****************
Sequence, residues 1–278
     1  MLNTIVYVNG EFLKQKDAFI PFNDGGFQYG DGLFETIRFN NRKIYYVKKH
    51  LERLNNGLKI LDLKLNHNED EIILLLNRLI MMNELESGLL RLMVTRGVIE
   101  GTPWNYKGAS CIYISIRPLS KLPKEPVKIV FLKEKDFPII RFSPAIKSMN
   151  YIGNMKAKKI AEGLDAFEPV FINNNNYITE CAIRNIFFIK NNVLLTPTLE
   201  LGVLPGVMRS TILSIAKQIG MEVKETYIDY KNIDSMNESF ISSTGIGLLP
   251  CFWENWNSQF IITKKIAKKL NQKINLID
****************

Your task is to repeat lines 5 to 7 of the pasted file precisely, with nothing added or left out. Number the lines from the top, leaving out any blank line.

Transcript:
   151  YIGNMKAKKI AEGLDAFEPV FINNNNYITE CAIRNIFFIK NNVLLTPTLE
   201  LGVLPGVMRS TILSIAKQIG MEVKETYIDY KNIDSMNESF ISSTGIGLLP
   251  CFWENWNSQF IITKKIAKKL NQKINLID